I got hit last week browsing SomethingAwful.com and spent days restoring my systems with clean backup images. I later found out that this seems to be affecting a lot of people and started at the end of November 2011.
The infection will happen simply by web browsing. Executable code runs then installs a rootkit which so far seems to be redirecting Google search results, as well as running fake scareware antivirus program .exe's (name depending on your OS; "XP/Vista/Windows 7 Security 2012", it might be called something else like "Cloud AV" as well).
This outbreak appears to affect every version of Windows (including Win7 x64), and every browser (including Chrome, Firefox, and IE). It also appears that MalwareBytes, MSE, and most all other real time malware protection programs do not stop the infection. HijackThis won't show it. If you manage to find the infected files (I found one using TDSSKiller) and upload them to VirusTotal.com, only the uninfected portion of the file will be uploaded and it will return a clean scan. That's why it's a rootkit. Your system appears clean and all affected files have clean checksums, when in fact they don't.
If you do get hit, you will be able to remove the fake AV programs and fix your registry (they change some registry keys so that any program or .exe file will start them up), but the Rootkit will remain on your system and redownload and rerun the scareware .exe's hours to days later, as well as continue to redirect Google search results. This is EXTREMELY SERIOUS because it means that it can run executables at any time. Essentially, someone somewhere has complete control of your PC.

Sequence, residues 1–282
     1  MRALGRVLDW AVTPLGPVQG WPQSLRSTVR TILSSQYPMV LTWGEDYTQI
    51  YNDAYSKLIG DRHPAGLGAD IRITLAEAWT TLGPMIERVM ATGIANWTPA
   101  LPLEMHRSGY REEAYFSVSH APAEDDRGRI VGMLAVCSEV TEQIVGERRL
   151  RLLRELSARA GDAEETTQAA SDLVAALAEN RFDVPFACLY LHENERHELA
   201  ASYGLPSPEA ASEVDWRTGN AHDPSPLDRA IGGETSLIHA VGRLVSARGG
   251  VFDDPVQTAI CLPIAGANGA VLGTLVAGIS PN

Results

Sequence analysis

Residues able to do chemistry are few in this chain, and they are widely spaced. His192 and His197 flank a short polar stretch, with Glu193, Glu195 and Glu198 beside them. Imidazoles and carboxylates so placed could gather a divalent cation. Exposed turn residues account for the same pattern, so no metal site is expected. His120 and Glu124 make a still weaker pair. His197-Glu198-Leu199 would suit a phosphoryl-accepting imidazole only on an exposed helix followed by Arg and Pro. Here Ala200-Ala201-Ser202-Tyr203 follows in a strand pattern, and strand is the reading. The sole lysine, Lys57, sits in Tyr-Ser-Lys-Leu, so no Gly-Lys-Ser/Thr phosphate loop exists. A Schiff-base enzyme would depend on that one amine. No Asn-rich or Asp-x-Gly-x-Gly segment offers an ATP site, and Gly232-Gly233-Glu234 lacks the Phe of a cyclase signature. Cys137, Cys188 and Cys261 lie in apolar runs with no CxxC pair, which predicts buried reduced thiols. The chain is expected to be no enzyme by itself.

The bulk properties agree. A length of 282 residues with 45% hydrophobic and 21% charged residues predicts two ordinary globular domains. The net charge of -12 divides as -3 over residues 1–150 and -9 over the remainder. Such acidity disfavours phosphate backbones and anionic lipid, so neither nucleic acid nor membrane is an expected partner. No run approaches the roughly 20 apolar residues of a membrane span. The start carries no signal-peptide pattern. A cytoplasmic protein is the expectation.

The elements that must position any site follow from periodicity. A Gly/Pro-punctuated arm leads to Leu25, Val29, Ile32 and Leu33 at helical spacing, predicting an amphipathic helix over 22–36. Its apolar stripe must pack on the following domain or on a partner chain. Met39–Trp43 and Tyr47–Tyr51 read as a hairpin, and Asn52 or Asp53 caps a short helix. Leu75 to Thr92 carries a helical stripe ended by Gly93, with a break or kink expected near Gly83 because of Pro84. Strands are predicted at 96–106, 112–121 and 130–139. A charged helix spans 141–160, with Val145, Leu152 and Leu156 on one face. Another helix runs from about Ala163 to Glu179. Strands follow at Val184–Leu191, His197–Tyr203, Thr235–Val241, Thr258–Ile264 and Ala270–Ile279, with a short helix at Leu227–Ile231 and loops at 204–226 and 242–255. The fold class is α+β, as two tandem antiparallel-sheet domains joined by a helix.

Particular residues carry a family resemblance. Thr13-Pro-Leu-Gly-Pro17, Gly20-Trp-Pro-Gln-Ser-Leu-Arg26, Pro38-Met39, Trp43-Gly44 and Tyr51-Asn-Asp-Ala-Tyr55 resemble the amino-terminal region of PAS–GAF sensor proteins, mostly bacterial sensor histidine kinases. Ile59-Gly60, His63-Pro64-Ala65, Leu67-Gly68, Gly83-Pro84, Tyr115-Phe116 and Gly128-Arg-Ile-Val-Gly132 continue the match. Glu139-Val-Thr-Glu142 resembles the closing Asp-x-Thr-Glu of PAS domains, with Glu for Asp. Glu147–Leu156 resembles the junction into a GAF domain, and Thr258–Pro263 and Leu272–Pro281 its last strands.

If you do get hit, barring a reformat, I would suggest:
ComboFix: Save to the desktop. Boot into Safe Mode with Network Support, but disconnect your modem or router from the net. Run ComboFix from the desktop
Reboot, then do TDSSKiller, then finally MalwareBytes.
Some other tools I would suggest trying if you have problems:
HitMan Pro 3.6
McAfee Rootkit Remover (released recently and is supposed to clean all versions of the ZeroAccess rootkit that they know about)
Microsoft did release four updates to .NET on 12/29, which is not only an out of band update, but one that must have required Microsoft employees to come in over the holidays to work on. I read on ZDNet the holes they patched do in fact allow arbitrary code execution, and that it affects every version of Windows from XP to 7 (workstation and server of all versions), so it certainly seems possible that could be the back door this infection is using. Make sure you go to windowsupdate.microsoft.com and do a manual check there to insure you have everything.
Make sure you update Flash, Java, Adobe Reader, Shockwave Player, and you have everything from windowsupdate.microsoft.com. Install AdBlock Plus and use the Easylist subscription. If you're on IE like me, use an IE Ad Blocker with Easylist; I used Simple Adblock which is $30.
http://blogs.mcafee.com/mcafee-labs/...ned-installers (This talks about a variant of this infection that runs from digitally signed standalone installers, like Adobe Flash.)
http://www.zdnet.com/blog/bott/micro...-net-hole/4305 (Microsoft .NET out of band critical updates released Thursday 12/29/11.)
http://nakedsecurity.sophos.com/2011...lanta-georgia/ (Atlanta Hospital had to shut down because all their computers got hit with Malware in December 2011.)
I have not seen anything this nasty since the days of IE6. In fact, even with the crap back then, it usually wasn't so bad that nothing could fix it except a complete reformat.